The plot gains much more interest when Torvald discovers what is going on, and the totally disproportionate attitude he takes, blaming the woman for everything and wanting to get rid of her to somehow try to protect himself. In the next moment we have a turnaround – with a change of intentions very well managed by the already experienced actor José Mata – “The debt is without effect, Nora is forgiven!”

After being humiliated in such a way by her husband, Nora – and this is when the text becomes very interesting – takes action and it is she who leaves her husband with an extremely progressive speech for the time it was written.

This is the main plot, and in a way the most important, at least for these days, there are other actions and characters that thicken the plot a little, but as Professor and theater critic Eugénia Vasques often says: An enactment is a reading of the world, and this is the reading that João de Brito makes, and wants to pass on. It doesn't complicate too much, it doesn't escape the text, it cuts some parts and emphasizes others, in the end we see a show that revolves around the interesting performance of Madalena Almeida, who takes it as if it were the center of the world – and it is, at least for this staging .

Choosing a classic is always a much easier job, especially if we don't want to go against it, it's always a safe point, and whoever sees it always knows that they'll leave the Theater with a feeling of something complete, because the structure that works is already there. The question that arises is: What classic? To say what? The answer given to us by this spectacle is to reinforce the independence and emancipation of women in society, defending such basic rights as equality between human beings.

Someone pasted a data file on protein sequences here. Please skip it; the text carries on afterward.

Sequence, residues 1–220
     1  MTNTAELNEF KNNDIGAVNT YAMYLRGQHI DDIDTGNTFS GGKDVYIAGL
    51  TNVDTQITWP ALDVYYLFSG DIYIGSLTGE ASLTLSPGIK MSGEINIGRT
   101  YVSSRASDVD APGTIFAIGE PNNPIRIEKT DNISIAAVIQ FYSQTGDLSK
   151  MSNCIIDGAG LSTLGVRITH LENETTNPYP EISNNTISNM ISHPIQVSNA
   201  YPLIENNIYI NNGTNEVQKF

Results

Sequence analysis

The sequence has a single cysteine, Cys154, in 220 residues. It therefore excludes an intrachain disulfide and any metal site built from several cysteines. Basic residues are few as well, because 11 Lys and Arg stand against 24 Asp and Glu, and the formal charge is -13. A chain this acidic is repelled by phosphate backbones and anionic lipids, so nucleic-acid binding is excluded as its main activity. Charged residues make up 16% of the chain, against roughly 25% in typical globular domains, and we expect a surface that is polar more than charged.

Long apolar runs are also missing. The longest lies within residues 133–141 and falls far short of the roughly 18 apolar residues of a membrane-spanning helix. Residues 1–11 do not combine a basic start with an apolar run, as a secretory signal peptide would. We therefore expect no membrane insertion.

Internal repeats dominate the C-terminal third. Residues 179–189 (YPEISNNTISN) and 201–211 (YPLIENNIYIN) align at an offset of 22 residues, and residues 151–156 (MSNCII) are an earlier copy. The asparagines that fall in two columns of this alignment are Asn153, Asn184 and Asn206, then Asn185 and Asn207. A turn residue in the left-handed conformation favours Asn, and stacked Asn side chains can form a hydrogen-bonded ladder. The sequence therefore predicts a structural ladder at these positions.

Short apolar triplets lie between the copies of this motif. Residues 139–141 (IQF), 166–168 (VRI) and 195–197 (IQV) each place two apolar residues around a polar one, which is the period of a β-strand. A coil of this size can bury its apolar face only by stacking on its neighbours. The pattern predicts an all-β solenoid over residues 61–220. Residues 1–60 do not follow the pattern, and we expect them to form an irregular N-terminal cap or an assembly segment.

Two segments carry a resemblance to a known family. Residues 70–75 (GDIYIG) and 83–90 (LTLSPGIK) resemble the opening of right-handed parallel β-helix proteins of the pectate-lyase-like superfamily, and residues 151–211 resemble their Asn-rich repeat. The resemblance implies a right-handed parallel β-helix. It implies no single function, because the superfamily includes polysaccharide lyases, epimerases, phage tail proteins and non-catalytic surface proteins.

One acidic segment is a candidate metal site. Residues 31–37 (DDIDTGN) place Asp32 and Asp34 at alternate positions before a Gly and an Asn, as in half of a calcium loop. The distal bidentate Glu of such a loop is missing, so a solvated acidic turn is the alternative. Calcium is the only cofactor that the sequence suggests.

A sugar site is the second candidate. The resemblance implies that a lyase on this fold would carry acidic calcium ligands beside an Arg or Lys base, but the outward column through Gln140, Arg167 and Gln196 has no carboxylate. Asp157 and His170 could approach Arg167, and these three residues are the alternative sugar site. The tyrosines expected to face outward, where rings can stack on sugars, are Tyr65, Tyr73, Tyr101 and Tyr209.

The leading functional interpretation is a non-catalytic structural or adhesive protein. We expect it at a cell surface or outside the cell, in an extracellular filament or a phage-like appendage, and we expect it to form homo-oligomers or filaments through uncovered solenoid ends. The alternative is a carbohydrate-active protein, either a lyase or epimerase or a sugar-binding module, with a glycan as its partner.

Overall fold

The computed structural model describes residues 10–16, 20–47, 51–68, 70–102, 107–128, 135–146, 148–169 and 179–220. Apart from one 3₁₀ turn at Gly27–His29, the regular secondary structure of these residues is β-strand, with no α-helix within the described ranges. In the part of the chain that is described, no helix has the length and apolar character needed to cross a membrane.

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Nora Helmer (Madalena Almeida) in Uma Casa de Dolls, by João de Brito


This text, today, continues to make sense, continues to scream in the 21st century that we are no longer in the 19th century, in which sexist and patriarchal attitudes are already outdated, and this show with this staging wants to remind us of that.

Above I highlighted the fact that Gustave Flaubert's book had been published 23 years earlier, the idea of the modern woman was already being thought about and claimed, its release was already necessary, Ibsen adds this text to us, which was also involved in controversy and was the victim of attempts to adapt to more conservative audiences.

The theater is, among everything else it can be, a communication platform and driven, among many other things, by political ideas, whoever watches this show realizes that in the end it is not the great ideals and the great megalomaniac revolutions that can change everything, if nothing is changed inside our homes, with our peers. Madalena's character tells us that we have to change the little things and the way we relate to our people, with whoever is on our side…


I'm glad this show exists.

You may be interested in: Hamster Clown – Ridiculous, Color And Fantasy


Philip Daniel

We offer you on Saturday morning, the week in Art


Lisboa, 1999. Try to find answers on the Stage. He sees theater as an ally of history and philosophy to solve (or not) the world's problems.